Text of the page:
Anyway, if you don't know, this year is the first time i've seen and experienced the snow. First time EVER. In fact, it is the first time i've gone to a place where the temperature hits a single digit value! At 21 years of age, I FINALLY SAW SNOW. Time to cross that off my bucket list! I must say, I really do enjoy seeing snow on the ground, but I absolutely cannot stand having it fall all over my face, and eyes.
So on New Years Eve, I was ecstatic that there was snow on the ground, but none falling from the sky! Instead of doing what people typically do - going for parties and drinking the night away, I chose to make walk around a german market, observing kids run around and have snowball fights, trying (and failing) to have one with jerald, and drinking the best warm honey wine ever - IT WAS SO SO GOOD. It did not have too much of an alcoholic taste to it, but at the same time was not too sweet. I loved it!
After which, we went to the English Garden in Munich and I BUILT MY VERY FIRST SNOWMAN!!!


You know how kids get really excited when they see snow for the first time? Well that was me when I was building Mr Snowman (yes that is his name, even though it looks more like a boy than a mister).
Inititally, I thought i'd be really bad at building a snowman, I mean, you've got to like roll the snow into a ball, compact it, and make sure it looks like a ball all at the same time. I thought "Oh it's probably like rolling rice balls, or cookie dough." but no, it isn't! Regardless, I think Jerald and I did a pretty good job! Well, I did a better job because I made BOTH the head and the body and then proceeded to help with making the base.
But we'll give points to Jerald for sacrificing his scarf so that Mr Snowman doesn't look naked.


Whilst we were putting on the eyes for the snowman, a dog came running towards us (because we had food in our bags) and I remember protecting the snowman and making Jerald block the dog from toppling our snowman over. Dedication indeed.  The owners of the dog must be thinking "Whats up with this overly excited girl? It is JUST SNOW." Because they didn't seem to care too much that their dog was endangering the life of my snowman. It was not easy building it.
I think I'm being melodramatic again, aren't I?
It felt as though that snowman was my kid or something. I was so sad to leave it behind! The snowman is just too cute!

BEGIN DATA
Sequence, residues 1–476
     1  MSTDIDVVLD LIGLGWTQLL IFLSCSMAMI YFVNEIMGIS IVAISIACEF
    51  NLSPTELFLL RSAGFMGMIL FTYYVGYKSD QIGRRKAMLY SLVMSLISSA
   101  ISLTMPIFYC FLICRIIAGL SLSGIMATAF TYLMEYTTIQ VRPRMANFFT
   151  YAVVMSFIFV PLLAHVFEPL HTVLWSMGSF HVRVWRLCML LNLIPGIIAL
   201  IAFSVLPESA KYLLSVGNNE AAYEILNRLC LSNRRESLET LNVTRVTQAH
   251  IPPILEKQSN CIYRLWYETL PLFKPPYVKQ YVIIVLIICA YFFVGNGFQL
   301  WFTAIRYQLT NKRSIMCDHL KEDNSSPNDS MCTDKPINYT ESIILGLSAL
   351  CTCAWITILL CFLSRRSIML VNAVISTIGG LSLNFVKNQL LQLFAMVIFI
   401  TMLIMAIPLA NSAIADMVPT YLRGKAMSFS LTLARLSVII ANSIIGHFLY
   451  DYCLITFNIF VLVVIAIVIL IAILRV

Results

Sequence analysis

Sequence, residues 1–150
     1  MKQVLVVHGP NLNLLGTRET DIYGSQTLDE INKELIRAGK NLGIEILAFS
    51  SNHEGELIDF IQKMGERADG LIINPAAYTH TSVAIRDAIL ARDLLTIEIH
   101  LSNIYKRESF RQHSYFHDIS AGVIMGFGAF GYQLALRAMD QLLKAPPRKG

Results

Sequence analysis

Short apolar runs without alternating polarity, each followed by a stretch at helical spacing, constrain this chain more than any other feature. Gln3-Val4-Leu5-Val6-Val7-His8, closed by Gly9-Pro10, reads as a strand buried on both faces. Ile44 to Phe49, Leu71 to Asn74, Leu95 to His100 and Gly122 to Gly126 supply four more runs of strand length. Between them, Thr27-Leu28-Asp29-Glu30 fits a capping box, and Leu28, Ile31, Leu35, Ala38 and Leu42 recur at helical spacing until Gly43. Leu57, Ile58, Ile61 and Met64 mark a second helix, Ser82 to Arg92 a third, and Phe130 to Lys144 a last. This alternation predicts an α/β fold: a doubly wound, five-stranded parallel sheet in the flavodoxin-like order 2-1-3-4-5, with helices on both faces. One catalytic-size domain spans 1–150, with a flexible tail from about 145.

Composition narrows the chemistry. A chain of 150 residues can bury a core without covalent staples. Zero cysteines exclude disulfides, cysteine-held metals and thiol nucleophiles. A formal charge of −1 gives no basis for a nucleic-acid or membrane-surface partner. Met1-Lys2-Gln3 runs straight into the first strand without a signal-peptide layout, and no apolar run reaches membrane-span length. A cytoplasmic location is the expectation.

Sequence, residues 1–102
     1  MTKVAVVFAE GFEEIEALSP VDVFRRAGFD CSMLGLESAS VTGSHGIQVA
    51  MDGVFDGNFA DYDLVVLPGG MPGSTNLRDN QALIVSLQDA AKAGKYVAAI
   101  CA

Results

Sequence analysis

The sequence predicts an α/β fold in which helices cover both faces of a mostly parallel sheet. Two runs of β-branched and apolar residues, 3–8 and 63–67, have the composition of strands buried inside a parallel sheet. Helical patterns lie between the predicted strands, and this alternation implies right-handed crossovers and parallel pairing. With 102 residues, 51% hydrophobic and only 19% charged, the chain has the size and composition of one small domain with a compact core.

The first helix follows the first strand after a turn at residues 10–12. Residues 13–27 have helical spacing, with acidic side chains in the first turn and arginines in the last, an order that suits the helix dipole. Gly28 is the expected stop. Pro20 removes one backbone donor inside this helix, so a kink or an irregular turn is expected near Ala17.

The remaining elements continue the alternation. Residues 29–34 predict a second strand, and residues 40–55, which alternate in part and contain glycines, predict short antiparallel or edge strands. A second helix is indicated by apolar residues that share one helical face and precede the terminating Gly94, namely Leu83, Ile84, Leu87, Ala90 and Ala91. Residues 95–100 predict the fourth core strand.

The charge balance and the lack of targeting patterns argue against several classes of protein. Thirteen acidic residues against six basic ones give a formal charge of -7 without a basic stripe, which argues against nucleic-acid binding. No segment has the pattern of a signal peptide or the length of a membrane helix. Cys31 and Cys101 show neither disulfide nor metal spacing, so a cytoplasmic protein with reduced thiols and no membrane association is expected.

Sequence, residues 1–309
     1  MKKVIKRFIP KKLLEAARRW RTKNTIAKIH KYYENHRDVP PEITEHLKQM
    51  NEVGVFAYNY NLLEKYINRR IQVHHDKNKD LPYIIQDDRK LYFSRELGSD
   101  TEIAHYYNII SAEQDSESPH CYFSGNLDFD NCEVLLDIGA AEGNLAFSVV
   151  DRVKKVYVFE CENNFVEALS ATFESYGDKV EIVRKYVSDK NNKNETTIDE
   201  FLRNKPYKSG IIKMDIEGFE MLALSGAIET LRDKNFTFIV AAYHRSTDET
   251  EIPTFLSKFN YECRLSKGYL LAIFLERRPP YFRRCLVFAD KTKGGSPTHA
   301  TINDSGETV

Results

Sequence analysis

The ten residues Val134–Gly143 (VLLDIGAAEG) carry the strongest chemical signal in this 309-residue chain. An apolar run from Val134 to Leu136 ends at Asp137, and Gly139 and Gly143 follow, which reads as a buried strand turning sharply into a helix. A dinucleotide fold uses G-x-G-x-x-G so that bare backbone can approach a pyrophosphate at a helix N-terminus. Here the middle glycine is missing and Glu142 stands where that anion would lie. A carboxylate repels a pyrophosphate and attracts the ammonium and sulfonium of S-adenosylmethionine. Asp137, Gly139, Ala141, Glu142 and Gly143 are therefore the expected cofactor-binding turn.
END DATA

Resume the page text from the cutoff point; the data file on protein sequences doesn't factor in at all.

That's one of my new years eve stories for you. So glad I got to indulge in my inner child and build a snowman.  The only thing i've ever built successfully was a half falling sandcastle. Indeed 31st of December 2014 was a proud day for me - Cheap thrills and little achievements.


P.S. We did go and try to catch the fireworks at midnight, but everyone was out in the streets a little tipsy, and setting off their own fire works, there wasn't a fireworks show like how i'd expect it to normally be. I was so freaking scared of people lighting off their own fireworks and throwing bang snaps when there are people everywhere. I nearly went into a frenzy. I think it was the first time i've ever freaked out over something, and Jerald got really REALLY annoyed by my behaviour. The thing is, where I come from, fireworks aren't allowed, and neither are bang snaps. Truth be told, i'm really glad for that rule, because every time I hear one of those explosive sounds, I feel as though they'd hit right in my leg or blow up in my face! I can remember the fear up till now.
New year, New fear. Am I the only one? Or do you share this fear?

My First Snowman!

15 February 2015 English Garden, Munich, Germany

Völkerschlachtdenkmal

A memorial of the 1813 Battle of the Nations. The place we spent the morning at, but I for the life of me cannot pronounce it's name.
For the morning of the 2nd half of the day, we decided to take a 20 minute tram ride out to visit the 91m high monument.

It was an EXTREMELY windy day that day, and since I enjoy climbing up tall monuments to get a bird's eye view of the city, thats exactly what we did. As we climbed up the building the winds seemed to get stronger and stronger. When we got to the top, the winds were so strong, my hair was in a permanent state of medusa, flipping and flapping all over my face but, the view was good! At the top of the monument, the walls were pretty high, so to get a good view/picture, I had to stand up on a stone slab placed on the ground. Every time i got up, I made sure to hold on to the edge of the wall for the fear of being blown away by the wind. IT WAS THAT STRONG.


When we got to the monument, we were given the option of getting an audio guide for a fee, I concluded that "It's a monument, there will definitely be some form of explanation along the way, lets just save that money." And so we decided against getting the audio guide, and I WAS WRONG. The monument had no explanation whatsoever, so J and I turned to WIKIPEDIA.

That being said, I really adored the large stone statues and the general peacefulness that surrounds you when you step into the monument. It was very dimly litted, and this one level was called the Singer's Hall, where you literally hear some form of mellow music. In my memory, that was how it was like. Hopefully I was not imagining or hallucinating all of that!

I don't know much about the 1813 Battle of the Nations, but this monument is just such a calming place, I think it was definitely a good visit.


Not to mention, the surrounding was just breathtaking with the large pond in the centre, nicely lined trees and gorgeous tall lalangs. It was such a serene place, and made for an amazing morning stroll.